Opponents fail to overturn shark protection deal
By Daniel Rook ,AFPBANGKOK -- Japan, China and other nations that support shark fishing on Thursday lost a bid to overturn a landmark deal that offers global trade protection for several species of the ocean's oldest predator.
March 15, 2013, 12:06 am TWN
A decision to restrict exports of the oceanic whitetip shark, the porbeagle, three types of hammerhead and the manta ray won final approval by the 178-member Convention on International Trade in Endangered Species (CITES).
“This is an historic day for marine conservation,” Glenn Sant of wildlife trade protection group Traffic said after the decision at a major wildlife conference in Bangkok.
“Shark populations are in freefall, but have been thrown a lifeline today — CITES has finally listened to the scientists.”
Rather than a complete ban, countries will be required to regulate trade by issuing export permits to ensure the sustainability of sharks in the wild, otherwise they could face sanctions by members of CITES, a global treaty which protects some 35,000 species.
The United States hailed the agreement as a “historic moment in shark and ray conservation.”
“The decline of these commercially exploited species is a global challenge that must be met with global solutions,” said the head of the U.S. delegation, Bryan Arroyo.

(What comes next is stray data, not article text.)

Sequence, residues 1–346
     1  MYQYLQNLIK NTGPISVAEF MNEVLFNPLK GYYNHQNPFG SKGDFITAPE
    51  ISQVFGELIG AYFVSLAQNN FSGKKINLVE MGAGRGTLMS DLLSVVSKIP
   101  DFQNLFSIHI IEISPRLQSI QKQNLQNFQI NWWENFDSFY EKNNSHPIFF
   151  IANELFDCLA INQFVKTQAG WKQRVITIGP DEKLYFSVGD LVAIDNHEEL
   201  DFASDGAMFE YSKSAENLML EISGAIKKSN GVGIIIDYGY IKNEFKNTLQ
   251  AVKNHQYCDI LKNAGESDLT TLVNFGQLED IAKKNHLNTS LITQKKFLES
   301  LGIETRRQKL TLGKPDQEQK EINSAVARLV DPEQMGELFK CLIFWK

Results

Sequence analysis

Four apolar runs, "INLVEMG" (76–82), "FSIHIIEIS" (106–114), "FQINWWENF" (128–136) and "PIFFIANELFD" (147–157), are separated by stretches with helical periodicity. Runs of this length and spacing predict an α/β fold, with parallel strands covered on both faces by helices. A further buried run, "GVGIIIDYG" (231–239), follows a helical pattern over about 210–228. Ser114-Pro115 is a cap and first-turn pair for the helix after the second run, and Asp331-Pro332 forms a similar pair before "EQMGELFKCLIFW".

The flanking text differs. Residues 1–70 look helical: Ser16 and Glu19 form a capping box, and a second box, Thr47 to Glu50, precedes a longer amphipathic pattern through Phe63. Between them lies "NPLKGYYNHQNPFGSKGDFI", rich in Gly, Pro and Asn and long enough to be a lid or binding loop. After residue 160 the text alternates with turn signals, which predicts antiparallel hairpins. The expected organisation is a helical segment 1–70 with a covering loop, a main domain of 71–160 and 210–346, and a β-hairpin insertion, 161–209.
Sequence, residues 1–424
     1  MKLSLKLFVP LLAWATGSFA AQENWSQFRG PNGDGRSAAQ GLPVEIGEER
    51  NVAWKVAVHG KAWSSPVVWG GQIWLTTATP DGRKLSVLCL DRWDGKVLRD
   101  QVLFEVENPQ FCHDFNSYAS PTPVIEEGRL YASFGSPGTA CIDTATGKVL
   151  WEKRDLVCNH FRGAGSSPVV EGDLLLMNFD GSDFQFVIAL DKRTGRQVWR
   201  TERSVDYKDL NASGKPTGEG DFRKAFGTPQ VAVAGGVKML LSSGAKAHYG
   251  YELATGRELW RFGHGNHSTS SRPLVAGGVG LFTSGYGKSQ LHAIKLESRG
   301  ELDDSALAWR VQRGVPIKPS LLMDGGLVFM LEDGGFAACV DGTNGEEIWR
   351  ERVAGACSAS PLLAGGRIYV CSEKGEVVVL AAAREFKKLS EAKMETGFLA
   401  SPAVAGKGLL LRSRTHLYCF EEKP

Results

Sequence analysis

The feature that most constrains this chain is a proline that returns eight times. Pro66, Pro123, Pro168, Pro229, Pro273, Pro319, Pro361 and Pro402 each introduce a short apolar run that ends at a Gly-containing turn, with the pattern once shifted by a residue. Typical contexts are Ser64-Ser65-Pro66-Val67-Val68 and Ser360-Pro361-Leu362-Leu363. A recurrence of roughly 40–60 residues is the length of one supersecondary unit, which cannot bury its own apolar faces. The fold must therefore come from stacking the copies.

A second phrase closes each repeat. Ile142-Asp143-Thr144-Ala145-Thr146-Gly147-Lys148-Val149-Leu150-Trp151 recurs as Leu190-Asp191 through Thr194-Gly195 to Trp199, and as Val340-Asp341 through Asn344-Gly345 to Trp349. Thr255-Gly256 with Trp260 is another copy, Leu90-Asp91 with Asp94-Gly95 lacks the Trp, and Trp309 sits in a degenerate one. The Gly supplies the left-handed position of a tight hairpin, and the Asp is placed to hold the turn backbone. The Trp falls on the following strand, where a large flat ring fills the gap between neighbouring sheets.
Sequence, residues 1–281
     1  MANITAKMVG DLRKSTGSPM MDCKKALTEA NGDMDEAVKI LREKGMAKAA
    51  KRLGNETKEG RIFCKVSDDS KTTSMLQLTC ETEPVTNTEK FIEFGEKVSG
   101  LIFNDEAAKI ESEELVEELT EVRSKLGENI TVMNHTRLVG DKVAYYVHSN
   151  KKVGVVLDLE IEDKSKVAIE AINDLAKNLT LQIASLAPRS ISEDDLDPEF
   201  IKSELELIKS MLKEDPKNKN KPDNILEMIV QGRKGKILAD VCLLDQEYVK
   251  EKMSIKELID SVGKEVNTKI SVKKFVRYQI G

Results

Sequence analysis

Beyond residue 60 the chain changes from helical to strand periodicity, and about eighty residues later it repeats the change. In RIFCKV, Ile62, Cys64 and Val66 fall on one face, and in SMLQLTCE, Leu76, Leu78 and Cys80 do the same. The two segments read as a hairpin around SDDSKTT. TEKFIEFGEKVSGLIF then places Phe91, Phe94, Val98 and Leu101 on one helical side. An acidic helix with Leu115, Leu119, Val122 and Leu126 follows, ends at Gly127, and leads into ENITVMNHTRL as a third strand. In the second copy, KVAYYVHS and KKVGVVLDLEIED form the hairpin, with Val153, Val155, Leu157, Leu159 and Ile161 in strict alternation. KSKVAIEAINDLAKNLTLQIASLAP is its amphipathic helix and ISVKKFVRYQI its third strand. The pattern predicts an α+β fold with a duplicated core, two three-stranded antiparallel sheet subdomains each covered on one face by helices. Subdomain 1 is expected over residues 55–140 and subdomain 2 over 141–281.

The move was agreed by member states on Monday but required final approval at the meeting's plenary session.
Opponents including Japan, China and India failed to garner enough support to challenge the earlier decision on the oceanic whitetip and the hammerheads.
Japan has a long history of shark fishing and its fishermen fear that moves to control the trade could hit an industry still recovering from the impact of a devastating tsunami that hit the country's northeast coast in March 2011.
Along with China, Japan argued that regional fishing bodies should be left to regulate shark exports.
“Of course we are disappointed,” Shingo Ota from Japan's Fisheries Agency said of the outcome.
“We are very much equally concerned about the status of those shark species, but the question is whether CITES is best placed or should we rely more on regional fisheries organizations,” he told AFP.
Hailing the meeting's refusal to overturn the deal, Susan Lieberman of The Pew Charitable Trusts described it as “the most significant day for the ocean in the 40-year history of CITES.”
The species now join the great white shark, the whale shark and the basking shark, which already enjoy international trade controls. Members have 18 months to introduce the new measures.